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Ikea debuts: The store that runs on a wrench (1987)

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The store that runs on a wrench

An invader from Scandinavia creates a build-it-yourself empire

At a cavernous store in the Washington suburb of Dale City, Va., thousands of shoppers lined up last week with box-laden carts at a battery of check-out counters. A supermarket perhaps? Or a Toys “R” Us store?

No, these bargain hunters were buying furniture. The boxes of all shapes and sizes contained build-it-yourself kits for assembling everything from chairs to cabinets. It may seem an odd way to furnish a house, but not to the throngs of customers who were grabbing, hauling and finally staggering out of the store.

The commotion was stirred by the annual sale taking place at the new American outlets of IKEA, the Scandinavian retailer of unassembled furniture and other household goods. While most Americans have never heard of IKEA, the chain had $1.7 billion in sales last year at 76 stores that stretch from Norway to Australia. Already one of the fastest-growing merchants in Europe, where 51 of its stores are located, IKEA is now successfully bringing its pizzazz and promotion to the US. The company put a store in suburban Philadelphia two years ago, and followed with the Dale City outlet in 1986. A third branch is scheduled to open in 1988 near Baltimore.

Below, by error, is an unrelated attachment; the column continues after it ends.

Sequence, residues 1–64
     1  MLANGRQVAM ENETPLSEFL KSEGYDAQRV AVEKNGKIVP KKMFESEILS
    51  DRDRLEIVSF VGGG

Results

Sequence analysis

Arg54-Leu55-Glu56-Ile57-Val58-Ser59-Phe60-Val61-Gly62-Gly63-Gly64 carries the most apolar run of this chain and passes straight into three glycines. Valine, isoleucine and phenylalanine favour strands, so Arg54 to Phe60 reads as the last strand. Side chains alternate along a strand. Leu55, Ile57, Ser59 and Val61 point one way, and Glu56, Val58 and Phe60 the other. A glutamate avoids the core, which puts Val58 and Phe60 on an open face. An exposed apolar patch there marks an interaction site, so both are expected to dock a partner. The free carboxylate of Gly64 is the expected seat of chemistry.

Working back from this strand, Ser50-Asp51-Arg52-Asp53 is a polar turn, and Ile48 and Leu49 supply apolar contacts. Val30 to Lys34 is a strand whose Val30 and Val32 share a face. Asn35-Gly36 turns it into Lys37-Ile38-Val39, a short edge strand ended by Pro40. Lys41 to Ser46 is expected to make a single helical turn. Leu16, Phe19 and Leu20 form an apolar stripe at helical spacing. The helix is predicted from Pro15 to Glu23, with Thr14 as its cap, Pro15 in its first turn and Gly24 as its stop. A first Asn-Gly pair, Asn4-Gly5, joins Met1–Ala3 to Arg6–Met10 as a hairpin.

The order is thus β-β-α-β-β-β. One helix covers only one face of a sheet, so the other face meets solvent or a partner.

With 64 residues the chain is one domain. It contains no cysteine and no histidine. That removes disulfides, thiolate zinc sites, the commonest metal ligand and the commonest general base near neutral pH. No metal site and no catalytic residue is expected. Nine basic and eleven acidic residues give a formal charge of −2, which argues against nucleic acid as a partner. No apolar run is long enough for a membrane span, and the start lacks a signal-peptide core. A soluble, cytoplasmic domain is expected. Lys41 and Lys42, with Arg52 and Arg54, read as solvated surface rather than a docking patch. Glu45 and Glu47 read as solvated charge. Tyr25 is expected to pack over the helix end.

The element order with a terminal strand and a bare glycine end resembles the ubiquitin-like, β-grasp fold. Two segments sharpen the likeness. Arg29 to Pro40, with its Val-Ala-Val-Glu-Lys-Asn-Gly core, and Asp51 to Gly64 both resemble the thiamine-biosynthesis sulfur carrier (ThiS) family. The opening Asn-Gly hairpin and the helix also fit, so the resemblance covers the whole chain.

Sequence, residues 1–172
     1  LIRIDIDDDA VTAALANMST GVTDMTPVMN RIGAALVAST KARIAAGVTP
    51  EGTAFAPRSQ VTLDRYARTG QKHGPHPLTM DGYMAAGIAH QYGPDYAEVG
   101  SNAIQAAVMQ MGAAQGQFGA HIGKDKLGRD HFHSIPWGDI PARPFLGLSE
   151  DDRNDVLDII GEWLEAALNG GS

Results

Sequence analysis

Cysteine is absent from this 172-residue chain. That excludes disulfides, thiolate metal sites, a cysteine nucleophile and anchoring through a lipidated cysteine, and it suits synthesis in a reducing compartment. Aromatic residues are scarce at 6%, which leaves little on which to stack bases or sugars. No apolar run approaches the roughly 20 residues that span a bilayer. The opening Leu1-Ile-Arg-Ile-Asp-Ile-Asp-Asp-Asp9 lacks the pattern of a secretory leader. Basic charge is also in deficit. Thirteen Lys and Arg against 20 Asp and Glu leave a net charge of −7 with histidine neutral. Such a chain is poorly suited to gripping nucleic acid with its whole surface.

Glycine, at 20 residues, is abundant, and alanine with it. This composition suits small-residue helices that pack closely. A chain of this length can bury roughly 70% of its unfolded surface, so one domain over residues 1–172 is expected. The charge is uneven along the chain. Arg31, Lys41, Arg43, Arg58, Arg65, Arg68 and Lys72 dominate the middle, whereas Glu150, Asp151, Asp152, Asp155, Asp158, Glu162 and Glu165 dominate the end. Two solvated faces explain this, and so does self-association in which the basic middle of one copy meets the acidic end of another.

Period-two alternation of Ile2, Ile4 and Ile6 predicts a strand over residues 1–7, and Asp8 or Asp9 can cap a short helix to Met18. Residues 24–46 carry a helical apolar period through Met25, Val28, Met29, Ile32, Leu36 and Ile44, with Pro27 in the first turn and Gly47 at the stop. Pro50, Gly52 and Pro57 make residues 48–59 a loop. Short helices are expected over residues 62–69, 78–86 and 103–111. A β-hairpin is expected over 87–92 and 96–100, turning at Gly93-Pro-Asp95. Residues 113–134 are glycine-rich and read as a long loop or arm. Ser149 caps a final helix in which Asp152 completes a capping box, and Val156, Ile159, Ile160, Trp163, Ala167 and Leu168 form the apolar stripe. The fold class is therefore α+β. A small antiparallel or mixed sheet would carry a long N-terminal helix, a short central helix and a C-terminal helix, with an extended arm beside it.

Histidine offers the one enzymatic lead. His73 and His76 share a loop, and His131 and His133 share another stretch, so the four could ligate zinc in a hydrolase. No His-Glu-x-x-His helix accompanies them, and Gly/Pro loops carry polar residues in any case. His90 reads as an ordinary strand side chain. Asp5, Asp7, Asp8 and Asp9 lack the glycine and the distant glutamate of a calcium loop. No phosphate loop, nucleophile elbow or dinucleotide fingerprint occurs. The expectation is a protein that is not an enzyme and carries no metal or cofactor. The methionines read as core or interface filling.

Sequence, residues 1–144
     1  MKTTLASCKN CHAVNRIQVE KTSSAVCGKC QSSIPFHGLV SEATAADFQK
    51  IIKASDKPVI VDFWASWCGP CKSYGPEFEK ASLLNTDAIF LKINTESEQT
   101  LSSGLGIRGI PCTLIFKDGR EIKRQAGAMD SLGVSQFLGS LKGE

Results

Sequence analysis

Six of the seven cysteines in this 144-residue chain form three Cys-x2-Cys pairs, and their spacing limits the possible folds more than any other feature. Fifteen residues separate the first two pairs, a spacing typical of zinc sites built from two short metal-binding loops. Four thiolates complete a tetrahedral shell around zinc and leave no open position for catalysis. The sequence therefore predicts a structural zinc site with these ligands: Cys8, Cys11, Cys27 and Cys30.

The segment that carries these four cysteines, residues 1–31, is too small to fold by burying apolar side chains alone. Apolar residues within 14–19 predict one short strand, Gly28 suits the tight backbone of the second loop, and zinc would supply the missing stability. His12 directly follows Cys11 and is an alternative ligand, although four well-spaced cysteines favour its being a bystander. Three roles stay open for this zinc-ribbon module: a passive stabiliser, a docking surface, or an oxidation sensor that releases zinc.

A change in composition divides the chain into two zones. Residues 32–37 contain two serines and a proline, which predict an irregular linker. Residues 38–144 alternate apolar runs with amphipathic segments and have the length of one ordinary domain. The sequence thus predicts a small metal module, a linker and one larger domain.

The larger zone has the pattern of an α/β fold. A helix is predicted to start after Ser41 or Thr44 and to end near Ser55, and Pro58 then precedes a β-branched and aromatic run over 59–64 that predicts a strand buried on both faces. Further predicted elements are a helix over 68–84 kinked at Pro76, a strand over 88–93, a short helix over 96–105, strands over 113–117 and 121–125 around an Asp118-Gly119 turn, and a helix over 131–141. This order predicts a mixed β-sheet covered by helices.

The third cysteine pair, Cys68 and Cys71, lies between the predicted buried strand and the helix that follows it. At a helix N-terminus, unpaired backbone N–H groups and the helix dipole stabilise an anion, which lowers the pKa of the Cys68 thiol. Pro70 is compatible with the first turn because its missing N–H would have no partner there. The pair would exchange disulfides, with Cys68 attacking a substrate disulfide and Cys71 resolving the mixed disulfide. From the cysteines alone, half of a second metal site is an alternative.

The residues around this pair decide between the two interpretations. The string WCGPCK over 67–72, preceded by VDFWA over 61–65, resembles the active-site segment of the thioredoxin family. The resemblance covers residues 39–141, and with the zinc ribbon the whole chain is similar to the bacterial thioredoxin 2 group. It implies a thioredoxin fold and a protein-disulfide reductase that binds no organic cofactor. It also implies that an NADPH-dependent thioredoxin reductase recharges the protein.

What sets IKEA apart is that much of its merchandise is sold apart. Buyers must assemble the kits at home, using sparsely worded drawings, a screwdriver and a little hexagonal allen wrench that IKEA supplies to install the special bolts in its furniture. IKEA gets promotional mileage even from the wrench: it appears everywhere in the store, talking in cartoon balloons and giving advice about such things as the store’s return policy and its delivery service. The allure of the unassembled products is that they sell for at least 30% less than finished furniture of comparable quality. Customers do not seem to mind putting their bargains together. In its first 15 months of business, the Dale City IKEA has assembled some $40 million in sales…

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